We left the Alligator River marina early on Friday morning and called the bridge for an opening. It was still pretty windy and very tricky getting out of our slip. It was much calmer on the other side of the bridge as we made our way down the Alligator river and entered the Alligator/Pungo River Canal. As we approached the canal, we were warned of a large floating log right at the entrance. That was the only obstacle in the canal. It’s much wider and deeper than the Dismal Swamp canal. We followed the canal in practically a straight line, much like a highway. It was boring…but I prefer that! This was our second-longest travel day, almost 44 miles.
We arrived in Belhaven and called the marina. The owners are very nice. They came out to the dock and got us securely tied. The wind was expected to pipe up over night and did it ever! I remember waking up sometime in the middle of the night to feel the boat bouncing around.
We took Bailey for a long walk around town to check out the amenities. After that, a nice warm shower in the best bathrooms since leaving home! The ladies room is decorated in a beach motif and they had towels (now you know I’m roughing it when I get excited about towels!) The men’s room had memoribelia from a man who served in WWII, complete with his ‘dear John’ letters.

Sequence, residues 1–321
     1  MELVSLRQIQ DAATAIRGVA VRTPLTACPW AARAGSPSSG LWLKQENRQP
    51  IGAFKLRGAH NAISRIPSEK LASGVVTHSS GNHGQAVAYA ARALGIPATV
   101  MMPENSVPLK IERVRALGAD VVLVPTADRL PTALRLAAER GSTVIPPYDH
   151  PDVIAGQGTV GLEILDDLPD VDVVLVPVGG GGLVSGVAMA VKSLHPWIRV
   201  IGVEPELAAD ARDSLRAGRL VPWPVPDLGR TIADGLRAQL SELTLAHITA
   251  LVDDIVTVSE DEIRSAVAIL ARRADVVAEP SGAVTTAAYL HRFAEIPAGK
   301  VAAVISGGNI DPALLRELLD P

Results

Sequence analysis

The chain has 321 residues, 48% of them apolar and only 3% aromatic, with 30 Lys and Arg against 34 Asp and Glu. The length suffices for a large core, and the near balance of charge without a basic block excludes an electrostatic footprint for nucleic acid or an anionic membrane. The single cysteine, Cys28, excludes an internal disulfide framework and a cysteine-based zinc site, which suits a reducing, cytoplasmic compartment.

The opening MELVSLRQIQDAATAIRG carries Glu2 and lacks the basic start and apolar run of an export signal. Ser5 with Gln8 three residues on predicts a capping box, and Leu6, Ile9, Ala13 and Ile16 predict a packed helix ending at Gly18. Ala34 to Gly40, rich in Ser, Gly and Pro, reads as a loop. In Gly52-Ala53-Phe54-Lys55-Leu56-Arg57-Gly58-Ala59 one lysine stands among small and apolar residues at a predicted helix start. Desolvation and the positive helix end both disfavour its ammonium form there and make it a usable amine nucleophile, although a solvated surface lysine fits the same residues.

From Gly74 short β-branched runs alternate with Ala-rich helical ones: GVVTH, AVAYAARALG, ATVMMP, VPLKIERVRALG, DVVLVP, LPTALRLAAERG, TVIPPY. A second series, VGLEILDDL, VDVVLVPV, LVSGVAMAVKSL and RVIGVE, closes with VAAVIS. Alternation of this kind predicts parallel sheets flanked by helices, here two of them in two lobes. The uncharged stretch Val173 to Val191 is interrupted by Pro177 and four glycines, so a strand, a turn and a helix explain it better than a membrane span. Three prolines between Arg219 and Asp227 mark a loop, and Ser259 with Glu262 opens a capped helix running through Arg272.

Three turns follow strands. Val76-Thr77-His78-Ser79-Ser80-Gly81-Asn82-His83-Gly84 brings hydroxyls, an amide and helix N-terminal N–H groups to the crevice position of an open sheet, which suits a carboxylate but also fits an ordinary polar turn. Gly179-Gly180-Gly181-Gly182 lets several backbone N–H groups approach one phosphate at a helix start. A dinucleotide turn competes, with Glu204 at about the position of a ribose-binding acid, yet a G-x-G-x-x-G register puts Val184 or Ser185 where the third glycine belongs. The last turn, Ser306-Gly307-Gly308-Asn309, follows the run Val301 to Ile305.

When the marina owner gave us a run-down on the restaurants, she referred to one place as having a ‘chef’. That sounded very appealing to us so we went to the Back Bay Cafe–a small place inside of a wine/book shop. The food was wonderful. They change their menu each month and this month’s offerings were French. I had cassoulet and Skip had the filet. Each were served with recommended French wines. The best part was dessert – an apple tarte tatin. The owner/chef explained how she made it and it took 2 days to complete. Best dessert ever!
While dining, we chatted with a couple sitting at the next table. They were local and boaters. They invited us to their house on Saturday night for dinner–they were having some new neighbors over as well as other boating people.
On Saturday morning, the wind was really blowing. We had our breakfast and spent most of the morning in the gazebo to avoid the rocky boat. The few boats anchored in the harbor were hobby-horsing so much and I was so grateful to be on dry land.
We did laundry, read and tried to find a place to get a good wireless connection (apparently, the Verizon man hasn’t been around here much.)
If the weather is nice tomorrow, we’ll continue on our journey south.